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Wed May 24, 2017, 04:42 PM

Mail that baby: A brief history of kids sent through the U.S. Postal Service

Decades before the first unaccompanied child was put on a plane to grandmaís in the care of a flight attendant, a few resourceful parents accomplished the same end by simply dropping their kids in the mail.

This was in the earliest days of the parcel post service, which launched in 1913. Before that, U.S. Postal Service packages were capped at four pounds, which limited the goofy things people tried to send by post.

But when the parcel service began, all kinds of cargo showed up in the mail stream, including coffins, eggs, dogs and, in a few cases, human young.

According to National Postal Museum historian Nancy Pope, the first known case of a mailed baby was in 1913 when Mr. and Mrs. Jesse Beauge of Glen Este, Ohio, shipped their 10-pound infant son to his grandmotherís home about a mile away, paying 15 cents in postage and springing for $50 in insurance (because they were worriers). Records do not indicate whether Grandmother Beauge received her mail in a mailbox or through a letter slot.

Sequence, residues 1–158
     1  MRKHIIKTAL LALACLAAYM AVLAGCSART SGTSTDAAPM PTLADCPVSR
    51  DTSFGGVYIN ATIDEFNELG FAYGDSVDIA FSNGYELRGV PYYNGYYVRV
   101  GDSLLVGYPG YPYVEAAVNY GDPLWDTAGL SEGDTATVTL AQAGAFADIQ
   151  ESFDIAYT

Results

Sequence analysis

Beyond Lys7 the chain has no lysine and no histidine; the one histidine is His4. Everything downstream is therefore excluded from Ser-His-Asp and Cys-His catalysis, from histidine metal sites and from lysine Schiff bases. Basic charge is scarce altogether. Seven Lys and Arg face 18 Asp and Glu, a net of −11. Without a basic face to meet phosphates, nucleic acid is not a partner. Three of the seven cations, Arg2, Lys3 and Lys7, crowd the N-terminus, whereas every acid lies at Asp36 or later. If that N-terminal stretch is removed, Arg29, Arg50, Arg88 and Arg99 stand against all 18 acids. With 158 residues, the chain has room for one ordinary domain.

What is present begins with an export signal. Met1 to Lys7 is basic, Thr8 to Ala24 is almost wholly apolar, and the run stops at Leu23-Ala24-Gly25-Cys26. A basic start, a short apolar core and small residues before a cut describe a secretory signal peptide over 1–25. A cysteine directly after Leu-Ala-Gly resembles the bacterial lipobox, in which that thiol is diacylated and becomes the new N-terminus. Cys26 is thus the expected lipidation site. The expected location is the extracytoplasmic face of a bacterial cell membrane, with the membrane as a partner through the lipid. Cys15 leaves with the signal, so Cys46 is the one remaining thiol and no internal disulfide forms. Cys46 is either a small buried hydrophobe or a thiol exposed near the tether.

More by Steve Hendrix at:

https://www.washingtonpost.com/news/retropolis/wp/2017/05/24/mail-that-baby-a-brief-history-of-kids-sent-through-the-u-s-postal-service/?utm_term=.bbef12fbb1ab&wpisrc=nl_buzz&wpmm=1

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